I bought a CD of something I already had on vinyl and borrowed a CD player to compare the sound…It was noticeably inferior. Bugger! But the sound became more ubiquitous. Mastering techniques also improved, players started to improve, and digital mastering slowly evolved to the point where the sound was becoming acceptable to my ears. CDs were taking off big style. I began to make allowances for the sound. It was ‘OK’ and the big plus was ‘no clicks’, and my phobia of scratches evaporated. I could operate as if I was a normal human being again. Bliss.
So I made the plunge, committed to CD and built up a very sizeable collection, spending many thousands of pounds over the years. I was still aware of vinyl, and still aware that it wasn’t going away… but like a lover that you split with, there was no going back. I knew why we split and it was irreconcilable differences.
Now here we are many years later. Vinyl has enjoyed a resurgence. Good! I always liked it. But along with the resurgence came a holier than thou attitude. It had become a cult. Old vinyl became collectible, to the point where original pressings were going for hundreds of pounds. Then ‘all vinyl’ DJ nights came along. I know of a number of nights where this insidious elitism has come to rule the roost. DJs who turn up with later pressings of the same record are looked down on…whats all that about?
Seems that many vinyl DJs are becoming the 21st century equivalent of the posh golf club captain. Only those with deep pockets need apply…or at least you have to ‘prove’ your commitment by spending large wads of cash on original pressings. It has become the fetishisation of the object. Its as if the music has become secondary.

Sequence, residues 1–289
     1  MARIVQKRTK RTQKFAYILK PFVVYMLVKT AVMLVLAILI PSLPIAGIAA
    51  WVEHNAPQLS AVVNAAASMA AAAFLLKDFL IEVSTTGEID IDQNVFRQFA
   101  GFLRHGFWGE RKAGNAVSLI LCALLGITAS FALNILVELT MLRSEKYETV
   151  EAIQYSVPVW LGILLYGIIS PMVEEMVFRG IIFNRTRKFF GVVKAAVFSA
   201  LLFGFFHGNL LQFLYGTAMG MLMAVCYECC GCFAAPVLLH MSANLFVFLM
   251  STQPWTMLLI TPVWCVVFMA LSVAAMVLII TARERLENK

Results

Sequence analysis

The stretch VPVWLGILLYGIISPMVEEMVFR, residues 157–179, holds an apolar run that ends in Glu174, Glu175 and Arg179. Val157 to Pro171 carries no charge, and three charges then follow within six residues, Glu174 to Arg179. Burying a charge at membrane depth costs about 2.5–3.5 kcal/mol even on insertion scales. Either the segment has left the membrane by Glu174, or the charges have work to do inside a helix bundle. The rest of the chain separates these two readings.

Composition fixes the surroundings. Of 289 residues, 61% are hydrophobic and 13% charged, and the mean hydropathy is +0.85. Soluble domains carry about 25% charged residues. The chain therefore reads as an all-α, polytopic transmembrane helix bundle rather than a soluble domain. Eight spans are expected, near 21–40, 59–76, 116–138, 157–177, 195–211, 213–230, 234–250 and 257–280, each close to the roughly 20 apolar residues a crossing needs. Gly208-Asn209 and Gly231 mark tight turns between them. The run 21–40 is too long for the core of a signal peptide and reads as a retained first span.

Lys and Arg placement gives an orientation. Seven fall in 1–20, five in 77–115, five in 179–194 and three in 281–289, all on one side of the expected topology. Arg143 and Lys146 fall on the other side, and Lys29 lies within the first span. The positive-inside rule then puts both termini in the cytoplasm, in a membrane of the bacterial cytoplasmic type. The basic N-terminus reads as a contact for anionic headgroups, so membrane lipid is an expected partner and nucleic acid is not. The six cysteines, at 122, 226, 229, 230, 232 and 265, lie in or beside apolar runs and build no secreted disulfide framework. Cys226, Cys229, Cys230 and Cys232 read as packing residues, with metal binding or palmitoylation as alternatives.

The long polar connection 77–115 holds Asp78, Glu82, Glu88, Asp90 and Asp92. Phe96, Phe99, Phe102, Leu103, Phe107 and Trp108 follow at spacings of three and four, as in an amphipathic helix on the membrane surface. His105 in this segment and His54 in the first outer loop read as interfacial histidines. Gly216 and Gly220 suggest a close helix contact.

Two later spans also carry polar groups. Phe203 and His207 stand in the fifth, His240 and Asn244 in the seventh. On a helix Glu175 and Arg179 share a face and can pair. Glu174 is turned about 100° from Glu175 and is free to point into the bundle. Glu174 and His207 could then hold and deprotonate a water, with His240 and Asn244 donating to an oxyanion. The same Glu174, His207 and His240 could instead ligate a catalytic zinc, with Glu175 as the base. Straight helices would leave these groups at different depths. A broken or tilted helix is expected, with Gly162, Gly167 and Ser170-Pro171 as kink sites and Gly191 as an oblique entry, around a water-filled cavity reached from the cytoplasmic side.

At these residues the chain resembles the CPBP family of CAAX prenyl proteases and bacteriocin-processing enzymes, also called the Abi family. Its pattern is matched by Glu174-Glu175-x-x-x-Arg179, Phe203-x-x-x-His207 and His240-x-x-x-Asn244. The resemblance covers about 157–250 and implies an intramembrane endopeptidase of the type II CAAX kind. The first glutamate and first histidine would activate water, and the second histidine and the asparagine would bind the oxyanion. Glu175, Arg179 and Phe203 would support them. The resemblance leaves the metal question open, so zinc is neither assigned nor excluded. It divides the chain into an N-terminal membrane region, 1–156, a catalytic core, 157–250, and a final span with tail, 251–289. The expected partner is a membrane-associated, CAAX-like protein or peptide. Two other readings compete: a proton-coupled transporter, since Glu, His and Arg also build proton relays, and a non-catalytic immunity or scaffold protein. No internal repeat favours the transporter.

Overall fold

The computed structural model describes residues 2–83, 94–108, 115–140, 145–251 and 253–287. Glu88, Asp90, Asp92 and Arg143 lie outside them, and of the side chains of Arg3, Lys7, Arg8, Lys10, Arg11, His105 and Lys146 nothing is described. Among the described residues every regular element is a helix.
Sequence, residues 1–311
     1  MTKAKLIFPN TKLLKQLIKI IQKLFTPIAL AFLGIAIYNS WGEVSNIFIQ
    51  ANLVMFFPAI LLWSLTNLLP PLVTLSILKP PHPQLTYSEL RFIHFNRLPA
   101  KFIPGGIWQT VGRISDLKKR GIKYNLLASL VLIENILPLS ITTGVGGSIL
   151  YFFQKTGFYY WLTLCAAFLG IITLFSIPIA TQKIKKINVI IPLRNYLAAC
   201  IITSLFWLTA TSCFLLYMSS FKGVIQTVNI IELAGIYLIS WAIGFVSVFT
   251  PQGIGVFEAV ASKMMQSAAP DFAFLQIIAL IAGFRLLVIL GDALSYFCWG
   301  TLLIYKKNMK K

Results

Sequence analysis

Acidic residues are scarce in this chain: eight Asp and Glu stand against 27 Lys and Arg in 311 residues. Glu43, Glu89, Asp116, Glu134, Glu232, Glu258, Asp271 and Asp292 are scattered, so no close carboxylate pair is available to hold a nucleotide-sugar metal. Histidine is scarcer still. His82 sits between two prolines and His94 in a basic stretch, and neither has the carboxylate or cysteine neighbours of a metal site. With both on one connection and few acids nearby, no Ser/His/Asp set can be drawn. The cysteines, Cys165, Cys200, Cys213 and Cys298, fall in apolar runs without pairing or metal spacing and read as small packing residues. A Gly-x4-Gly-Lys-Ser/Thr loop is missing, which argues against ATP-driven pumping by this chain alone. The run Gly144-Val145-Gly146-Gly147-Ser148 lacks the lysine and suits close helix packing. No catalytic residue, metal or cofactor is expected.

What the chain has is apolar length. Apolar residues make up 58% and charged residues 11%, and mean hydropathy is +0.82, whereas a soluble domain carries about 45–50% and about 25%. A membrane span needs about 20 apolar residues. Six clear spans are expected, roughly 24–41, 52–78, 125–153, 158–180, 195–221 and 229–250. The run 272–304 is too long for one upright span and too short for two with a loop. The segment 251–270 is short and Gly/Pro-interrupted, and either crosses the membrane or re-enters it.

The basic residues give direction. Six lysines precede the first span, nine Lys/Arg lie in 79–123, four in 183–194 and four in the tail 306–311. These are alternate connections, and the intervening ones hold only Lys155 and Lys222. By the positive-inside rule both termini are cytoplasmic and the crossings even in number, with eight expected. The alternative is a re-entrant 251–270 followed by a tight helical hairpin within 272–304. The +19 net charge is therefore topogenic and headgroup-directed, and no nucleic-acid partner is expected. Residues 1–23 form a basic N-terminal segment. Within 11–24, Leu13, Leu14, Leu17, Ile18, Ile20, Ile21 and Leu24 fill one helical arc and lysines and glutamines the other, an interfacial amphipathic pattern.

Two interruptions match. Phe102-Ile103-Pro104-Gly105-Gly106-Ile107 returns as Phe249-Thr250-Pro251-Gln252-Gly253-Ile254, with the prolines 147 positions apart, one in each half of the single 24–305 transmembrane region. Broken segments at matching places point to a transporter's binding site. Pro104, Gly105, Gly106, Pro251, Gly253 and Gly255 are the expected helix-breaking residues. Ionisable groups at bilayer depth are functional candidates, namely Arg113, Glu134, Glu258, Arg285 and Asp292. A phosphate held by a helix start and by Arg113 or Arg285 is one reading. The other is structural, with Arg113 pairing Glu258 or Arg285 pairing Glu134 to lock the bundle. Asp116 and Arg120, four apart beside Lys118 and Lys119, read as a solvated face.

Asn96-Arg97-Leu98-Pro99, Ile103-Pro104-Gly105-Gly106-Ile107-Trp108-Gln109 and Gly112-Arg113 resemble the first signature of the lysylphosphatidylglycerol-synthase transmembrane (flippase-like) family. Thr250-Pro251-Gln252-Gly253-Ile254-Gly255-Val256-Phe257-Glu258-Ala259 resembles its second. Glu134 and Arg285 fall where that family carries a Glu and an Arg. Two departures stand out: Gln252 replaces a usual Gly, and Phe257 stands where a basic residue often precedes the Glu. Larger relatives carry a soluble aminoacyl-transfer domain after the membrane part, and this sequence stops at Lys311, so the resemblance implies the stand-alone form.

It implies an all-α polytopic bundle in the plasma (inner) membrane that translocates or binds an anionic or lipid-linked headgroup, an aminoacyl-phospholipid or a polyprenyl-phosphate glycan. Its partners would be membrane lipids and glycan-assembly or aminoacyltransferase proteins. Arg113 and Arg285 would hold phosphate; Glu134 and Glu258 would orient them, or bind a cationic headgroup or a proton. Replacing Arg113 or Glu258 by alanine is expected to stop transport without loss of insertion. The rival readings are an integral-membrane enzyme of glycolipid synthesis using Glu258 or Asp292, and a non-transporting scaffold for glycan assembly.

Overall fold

I’ve also heard that many vinyl DJs accuse digital DJs of piracy. Not paying for your music is a crime, and I personally think that artists, especially those further down the chain from the superstars, deserve the revenue they get from music sales, in whatever form they are bought. I personally ALWAYS pay for my music, even downloads…but hang on a minute. If you buy second hand vinyl, where does that money go? Not to the artist.
I accept people of a less neurotic nature than me stayed committed to vinyl. I even accept that they are happy with it…although I also guess they are hardier than me, and can live with surface noise, scratches and warps. In fact the sound of surface noise has strangely become a badge of honour, of ‘authenticity’. John Peel famously said life has surface noise. Whilst vinyl, in its pristine form is often nicer, more so with older analogue recordings…but am I so alone in the belief that it is what comes out of the speakers that is important?
So my message to vinyl is simple: Goodbye old lover. We had some great times, but you know I can never go back. You have many charms, but you let me down too many times, and I can never forgive you. I have decided it’s THE MUSIC that I love, in whatever form. Can you please stop taunting me now.
Laurence Brewer has sadly lost his long battle with the most appalling-sounding Motor Neurone Disease. I didn’t know Laurence well enough to sum up his musical history properly, but he led Sign Language, a well-liked eighties Blackpool post-punk band who were included on the Vinyl Drip Blackpool Rox compilation series & put a 12” out on the popular indie Fire. After returning from London in the noughties he reformed the band as well as playing some excellent stuff with the Ceramic Hobs for a while.
This is an 1897 photograph of an early New Orleans band comprised of a group of “street urchins,” led by Emile “Stalebread Charlie” Lacoume (he is seated second from the far left). Other members of the group were Harry Gregson, Emile “Whiskey” Benrod, Willie “Cajun” Bussey, Frank “Monk”…
Facebook event page for that forthcoming Blackpool Sleaford Mods gig, promoted by Kate Fear from the Hobs: https://www.facebook.com/events/229304540570300
Baba-Tagwa Abelam Tribe Papua New Guinea Geo Magazine 1983 Diane Losche